Jamal and colleagues recently published their results from a randomized, controlled trial on the effects of nitroglycerin ointment on bone density and strength . This study follows several previous ones [2,3] which showed that the use of nitrates had a positive impact on bone mineral density (BMD) in men and women.
The present cohort included 243 postmenopausal women (who were at least 1 year postmenopausal), mean age 62 years, with BMD [i]T[/i]-scores between 0 and -2.0 at the lumbar spine. The daily dose was 15 mg (2% nitroglycerin ointment) applied at bedtime to their upper outer arm. The intake of calcium was 1200–1500 mg/day and that of vitamin D was 800 IU/day from food and provided supplements. The duration of treatment was 24 months, and the study ran from November 2005 until March 2010. The primary endpoint was BMD [i]T[/i]-score measured at 12 and 24 months, at the lumbar spine, femoral neck and total hip. At 24 months, 118 of 126 women in the nitroglycerin group and 111 of 117 women in the placebo group completed all the assessments.
At 24 months, spine and femoral neck BMD significantly increased by 6–7% in the nitroglycerin-treated group compared with placebo: lumbar spine BMD increased from 1.05 g/cm[+]2[/+] to 1.14 g/cm[+]2[/+], vs. 1.06 g/cm[+]2[/+] to 1.08 g/cm[+]2[/+], respectively. The corresponding figures for total hip were 0.92 to 0.97 g/cm[+]2[/+] vs. 0.93 to 0.92 g/cm[+]2[/+], and for femoral neck 0.88 to 0.93 g/cm[+]2[/+] vs. 0.87 to 0.86 g/cm[+]2[/+]; [i]p[/i] = 0.001). Cortical bone parameters assessed using peripheral quantitative computerized tomography also demonstrated an increase in volumetric trabecular BMD, cortical thickness and periosteal circumference at the radius and tibia compared with placebo. Urine N-telopeptide, the marker for bone resorption, decreased by 54%, while bone-specific alkaline phosphatase, the marker for bone formation, increased by 35% in women treated with nitroglycerin. There were two fractures in both the treated and the placebo groups, and one death by stroke in the treated group. The adverse events in the active group were dominated by headaches and were frequent at the beginning of the treatment, but rarer as a new event in the second year. The conclusions of the study were that daily administration of nitroglycerin ointment increased bone formation and decreased bone resorption, improved BMD, bone structure and indices of bone strengths ‘at least as much as existing treatments’ and also ‘may reduce the risk of vertebral fractures and non-vertebral fractures’.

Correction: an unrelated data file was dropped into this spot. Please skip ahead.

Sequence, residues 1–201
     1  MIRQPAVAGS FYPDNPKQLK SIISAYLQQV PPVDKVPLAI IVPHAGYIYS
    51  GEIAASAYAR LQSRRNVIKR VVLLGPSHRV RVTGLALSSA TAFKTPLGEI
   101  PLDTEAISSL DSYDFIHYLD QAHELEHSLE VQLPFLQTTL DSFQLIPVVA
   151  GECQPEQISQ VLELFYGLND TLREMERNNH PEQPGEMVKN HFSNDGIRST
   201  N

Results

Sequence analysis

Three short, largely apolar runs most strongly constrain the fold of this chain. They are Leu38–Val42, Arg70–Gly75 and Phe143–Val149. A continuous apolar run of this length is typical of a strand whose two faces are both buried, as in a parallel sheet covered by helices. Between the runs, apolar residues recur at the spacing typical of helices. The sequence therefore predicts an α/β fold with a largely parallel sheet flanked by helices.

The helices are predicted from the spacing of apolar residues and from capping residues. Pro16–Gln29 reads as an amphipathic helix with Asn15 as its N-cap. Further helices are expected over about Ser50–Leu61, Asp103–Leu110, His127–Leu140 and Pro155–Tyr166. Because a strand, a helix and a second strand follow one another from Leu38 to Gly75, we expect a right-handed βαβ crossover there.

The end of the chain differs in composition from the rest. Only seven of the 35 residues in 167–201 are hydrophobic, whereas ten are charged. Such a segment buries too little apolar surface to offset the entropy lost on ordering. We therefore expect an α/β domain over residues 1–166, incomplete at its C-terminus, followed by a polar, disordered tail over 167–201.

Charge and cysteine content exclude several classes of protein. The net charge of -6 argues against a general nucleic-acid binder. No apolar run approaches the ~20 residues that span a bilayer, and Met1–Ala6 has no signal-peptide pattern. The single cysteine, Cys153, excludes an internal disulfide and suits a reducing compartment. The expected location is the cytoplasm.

Senior Lecturer, Obstetrics and Gynecology, ‘Carol Davila University of Medicine and Pharmacy, and Senior Specialist in Obstetrics and Gynecology, Department of Obstetrics and Gynecology, ‘Dr. I. Cantacuzino Hospital, Bucharest, Romania
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